OPM Breach Update: Bigger and More Serious Than Originally Thought
June 15, 2015
While last week’s data breach affecting the systems of the U.S. Office of Personnel Management may not generate as much payment-card or card-not-present fraud as other breaches due to its state-sponsored nature, the compromise may have affected more individuals and exposed more sensitive information than first thought. According to an Associated Press report, congressional sources said up to 14 million records may have been exposed and background information on intelligence and military personnel applying for security clearances also was compromised.
“The forms authorities believed may have been stolen en masse, known as Standard Form 86, require applicants to fill out deeply personal information about mental illnesses, drug and alcohol use, past arrests and bankruptcies,” The AP said in its report. “They also require the listing of contacts and relatives, potentially exposing any foreign relatives of U.S. intelligence employees to coercion. Both the applicant’s Social Security number and that of his or her cohabitant is required.”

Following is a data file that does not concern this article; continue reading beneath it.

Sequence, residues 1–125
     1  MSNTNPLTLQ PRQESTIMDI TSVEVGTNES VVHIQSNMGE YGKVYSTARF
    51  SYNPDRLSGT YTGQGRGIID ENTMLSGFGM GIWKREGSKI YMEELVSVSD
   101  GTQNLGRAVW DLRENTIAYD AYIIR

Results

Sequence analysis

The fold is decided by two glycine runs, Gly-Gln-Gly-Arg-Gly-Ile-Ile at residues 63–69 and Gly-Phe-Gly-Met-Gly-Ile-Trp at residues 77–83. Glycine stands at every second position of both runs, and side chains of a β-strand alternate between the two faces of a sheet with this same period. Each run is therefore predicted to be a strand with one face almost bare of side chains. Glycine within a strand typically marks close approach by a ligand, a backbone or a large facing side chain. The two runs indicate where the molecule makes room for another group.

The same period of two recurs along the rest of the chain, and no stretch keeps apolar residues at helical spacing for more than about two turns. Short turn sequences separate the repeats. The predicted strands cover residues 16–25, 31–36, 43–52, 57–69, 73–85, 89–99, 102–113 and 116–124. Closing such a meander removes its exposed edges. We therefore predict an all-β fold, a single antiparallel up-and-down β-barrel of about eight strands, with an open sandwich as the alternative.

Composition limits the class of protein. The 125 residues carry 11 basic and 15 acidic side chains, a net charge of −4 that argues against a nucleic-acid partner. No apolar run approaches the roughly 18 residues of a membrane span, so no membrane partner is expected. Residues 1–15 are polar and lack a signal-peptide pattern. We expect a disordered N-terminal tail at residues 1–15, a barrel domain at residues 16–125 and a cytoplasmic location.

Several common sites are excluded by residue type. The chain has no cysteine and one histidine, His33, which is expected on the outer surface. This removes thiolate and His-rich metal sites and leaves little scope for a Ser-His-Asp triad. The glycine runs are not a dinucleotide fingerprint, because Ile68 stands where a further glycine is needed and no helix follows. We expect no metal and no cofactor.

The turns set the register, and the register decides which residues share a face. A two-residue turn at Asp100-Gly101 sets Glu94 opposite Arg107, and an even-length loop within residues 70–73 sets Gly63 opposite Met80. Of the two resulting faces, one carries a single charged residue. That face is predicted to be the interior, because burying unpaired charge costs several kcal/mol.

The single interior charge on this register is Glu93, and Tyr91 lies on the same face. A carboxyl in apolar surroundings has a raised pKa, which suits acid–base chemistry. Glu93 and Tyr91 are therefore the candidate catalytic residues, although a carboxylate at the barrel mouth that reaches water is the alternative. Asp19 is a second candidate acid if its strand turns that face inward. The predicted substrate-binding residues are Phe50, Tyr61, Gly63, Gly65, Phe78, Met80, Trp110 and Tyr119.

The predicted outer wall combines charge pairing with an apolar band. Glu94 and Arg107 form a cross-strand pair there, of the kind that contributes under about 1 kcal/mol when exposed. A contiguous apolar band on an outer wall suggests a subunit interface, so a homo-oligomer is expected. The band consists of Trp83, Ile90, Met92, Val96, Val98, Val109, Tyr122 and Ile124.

A union representing federal employees also claims the government is understating the impact of the OPM breach.
“Based on the sketchy information OPM has provided, we believe that the Central Personnel Data File was the targeted database, and that the hackers are now in possession of all personnel data for every federal employee, every federal retiree, and up to one million former federal employees,” said J. David Cox, president of the American Federation of Government Employees. “We believe that hackers have every affected person’s Social Security number(s), military records and veterans’ status information, address, birth date, job and pay history, health insurance, life insurance, and pension information; age, gender, race union status, and more.”